HOW TO SET OUT THE PRODUCTION-POSTPRODUCTION DETAILS OF THE SCRIPT
TECHNICAL NOTES NEEDED FOR EACH SCENE Give clear information - (1) TECHNICAL (PRODUCTION - IN THE STUDIO - SOUND TECHNICIANS or 'SPOT'), (2) TECHNICAL (PRODUCTION - IN THE CONTROL ROOM or 'CUBICLE' - DIRECTOR, CONTROL PANEL OPERATOR, SOUND TECHNICIANS), (3) TECHNICAL (POSTPRODUCTION), (4) ACTORS & DIRECTING, (5) ACTORS (PLOT SUMMARY) LOOK AT THE EXAMPLES HERE For full description of PRODUCTION - POSTPRODUCTION, see Beck, Alan, Radio Acting, London: A & C Black ISBN 0-7136-4631-4 Available on Amazon. CLICK HERE Putting these extra notes into the SCRIPT ensures that TECHNICAL information is clear and shared. More detail should be added for the POSTPRODUCTION SCRIPT. PRODUCTION - information such as SOUND CENTRE - FIXED SOUND CENTRE - the centre of the sound picture remains fixed in the same place + MOVING SOUND CENTRE - 'we go with' and (when necessary) microphone positions PRODUCTION & POSTPRODUCTION - Atmos bed (underneath the scene dialogue) - establishes scene location or scenery Scene boundaries - CHART FOR CHOICES - straight cut / fade in / fade out / crossfade / 'Archers' fade / music bridge / FX bridge / montage Music - underscoring, signature tune (for soap or play), emotional, dramatic, music bridge
ACTORS - CHARACTERS in the scene & a SHORT SUMMARY of what goes on in the scene
EXAMPLE - CHARACTERS: PENELOPE, CHARITY
EXAMPLE - 'THE CANTERBURY VAMPIRES' 6.1 SUMMARY OF SCENE: CHARITY meets PENELOPE and is challenged to reveal her magic. She is embarrassed. Listeners are reintroduced to CHARITY (INEXPERIENCED GIRL) and PENELOPE (FEISTY GIRL).
Most PRODUCTION in the STUDIO and OB is done OUT OF SEQUENCE (not done in order of the SCRIPT). All involved must have definitive SCRIPT details. STUDIO - working at speed, PRODUCTION TEAM and ACTORS have to get acquainted with each new scene. Hence the importance of listing CHARACTERS in the SCRIPT and a SHORT SUMMARY of what goes on in the scene, and technical details. This saves the DIRECTOR time. SOAP (SERIAL DRAMA) - STUDIO - especially important. PRODUCTION moves through a lot of scenes OUT OF SEQUENCE from many episodes and dealing with a lot of plot events and character responses. POSTPRODUCTION - ensure STANDARDIZING FILE NAMES for all TEAM. SCRIPT TECHNICAL NOTES are essential for the move from PRODUCTION into POSTPRODUCTION - see LOAD MATERIAL FROM PRODUCTION You number each scene (as 3.1, 3.2 etc.) - important for coordinating the whole script and for production, when the scenes will probably NOT be recorded in the sequence that the listeners will eventually hear. ABOVE ALL, YOU ARE PART OF A TEAM AND YOU COMMUNICATE TOGETHER RAPIDLY AND EFFICIENTLY.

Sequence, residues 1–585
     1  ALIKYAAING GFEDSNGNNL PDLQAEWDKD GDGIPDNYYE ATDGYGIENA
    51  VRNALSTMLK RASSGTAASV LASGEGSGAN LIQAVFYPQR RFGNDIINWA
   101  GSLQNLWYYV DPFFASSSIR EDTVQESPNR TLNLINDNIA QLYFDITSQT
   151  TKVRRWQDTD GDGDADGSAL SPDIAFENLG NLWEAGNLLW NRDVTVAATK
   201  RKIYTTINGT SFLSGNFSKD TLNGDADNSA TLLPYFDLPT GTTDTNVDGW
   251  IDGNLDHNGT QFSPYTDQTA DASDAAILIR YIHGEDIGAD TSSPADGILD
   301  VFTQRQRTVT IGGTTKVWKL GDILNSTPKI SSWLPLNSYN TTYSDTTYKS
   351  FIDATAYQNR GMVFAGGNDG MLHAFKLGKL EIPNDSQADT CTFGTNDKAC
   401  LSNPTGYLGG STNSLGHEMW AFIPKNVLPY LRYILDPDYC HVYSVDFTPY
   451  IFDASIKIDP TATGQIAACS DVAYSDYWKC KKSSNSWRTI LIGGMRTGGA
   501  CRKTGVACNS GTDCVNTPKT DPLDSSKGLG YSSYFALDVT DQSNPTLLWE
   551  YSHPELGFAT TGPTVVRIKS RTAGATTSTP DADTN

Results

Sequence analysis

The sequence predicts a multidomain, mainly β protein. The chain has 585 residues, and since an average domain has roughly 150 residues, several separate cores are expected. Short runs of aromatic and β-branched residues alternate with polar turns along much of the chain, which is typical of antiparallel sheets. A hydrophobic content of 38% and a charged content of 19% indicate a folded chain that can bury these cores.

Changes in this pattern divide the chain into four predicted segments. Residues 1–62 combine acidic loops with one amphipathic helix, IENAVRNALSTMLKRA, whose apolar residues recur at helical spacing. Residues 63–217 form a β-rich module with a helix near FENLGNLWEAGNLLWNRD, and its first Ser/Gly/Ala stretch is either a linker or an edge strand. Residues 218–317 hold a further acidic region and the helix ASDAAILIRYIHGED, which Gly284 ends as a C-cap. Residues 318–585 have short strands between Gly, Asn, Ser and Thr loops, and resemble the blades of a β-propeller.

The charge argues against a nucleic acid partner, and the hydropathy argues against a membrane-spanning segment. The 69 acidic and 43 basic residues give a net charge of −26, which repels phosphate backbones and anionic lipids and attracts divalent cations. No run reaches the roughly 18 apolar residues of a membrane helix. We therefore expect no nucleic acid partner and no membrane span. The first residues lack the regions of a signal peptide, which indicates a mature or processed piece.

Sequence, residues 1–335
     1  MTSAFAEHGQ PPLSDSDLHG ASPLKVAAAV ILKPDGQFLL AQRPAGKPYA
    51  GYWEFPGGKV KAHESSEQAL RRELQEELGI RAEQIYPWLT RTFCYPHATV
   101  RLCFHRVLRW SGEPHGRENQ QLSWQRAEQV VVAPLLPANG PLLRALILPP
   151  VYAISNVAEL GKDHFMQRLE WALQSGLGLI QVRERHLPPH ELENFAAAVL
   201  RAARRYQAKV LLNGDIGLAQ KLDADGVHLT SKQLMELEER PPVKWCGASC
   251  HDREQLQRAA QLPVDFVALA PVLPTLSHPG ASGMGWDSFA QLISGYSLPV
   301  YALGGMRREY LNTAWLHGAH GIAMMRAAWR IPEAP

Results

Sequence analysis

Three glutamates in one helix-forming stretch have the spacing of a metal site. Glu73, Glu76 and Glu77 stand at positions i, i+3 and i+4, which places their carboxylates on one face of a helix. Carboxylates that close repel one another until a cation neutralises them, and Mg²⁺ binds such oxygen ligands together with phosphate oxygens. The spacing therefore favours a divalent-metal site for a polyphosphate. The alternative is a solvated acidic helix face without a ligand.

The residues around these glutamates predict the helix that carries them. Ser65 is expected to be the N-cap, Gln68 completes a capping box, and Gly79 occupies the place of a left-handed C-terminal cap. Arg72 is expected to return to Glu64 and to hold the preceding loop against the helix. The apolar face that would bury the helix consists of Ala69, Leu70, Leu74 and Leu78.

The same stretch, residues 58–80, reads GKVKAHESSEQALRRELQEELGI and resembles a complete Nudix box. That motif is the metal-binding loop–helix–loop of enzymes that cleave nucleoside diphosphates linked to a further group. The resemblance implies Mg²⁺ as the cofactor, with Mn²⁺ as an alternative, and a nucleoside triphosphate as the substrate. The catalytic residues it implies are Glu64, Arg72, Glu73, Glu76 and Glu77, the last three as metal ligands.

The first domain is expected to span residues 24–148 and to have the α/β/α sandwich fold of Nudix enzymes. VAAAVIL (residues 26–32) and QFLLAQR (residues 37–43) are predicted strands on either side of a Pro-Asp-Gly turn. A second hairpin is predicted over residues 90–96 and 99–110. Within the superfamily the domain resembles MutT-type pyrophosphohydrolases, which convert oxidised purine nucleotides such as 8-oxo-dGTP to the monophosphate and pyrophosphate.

STARTING-UP - GETTING THE 'IDEA' - TEAM-WORK - SCRIPTING
HOW MANY WORDS FOR A 5-MINUTE EPISODE? HOW MANY SCENES?
ALAN BECK'S FORMULA FOR THE MAIN CHARACTERS Types of radio plays (fiction and mixed genres) Storyboard - layout of scenes and details - how to make it work for you
Copyright - PERFORMING RIGHTS PAYMENTS - YOU HAVE TO 'LOG' ALL COPYRIGHT MATERIAL, AND ESPECIALLY MUSIC - 'needle time'
This site is 'Radio Drama - directing, acting, technical, learning & teaching, researching, styles, genres'. See INDEX to navigate also. Complete curriculum of scripts, techniques (acting & directing & post-production & genre styles), advice, sound files - effects and atmoses (with no copyright and so free to use), detailed script commentaries, etc.
Academic material on this site is Alan Beck is licensed under a Creative Commons Attribution-Non-Commercial-Share Alike 2.0 UK: England & Wales License.
Learn about radio drama on this site along with my book - Beck, Alan, Radio Acting, London: A & C Black ISBN 0-7136-4631-4 Available on Amazon. CLICK HERE.
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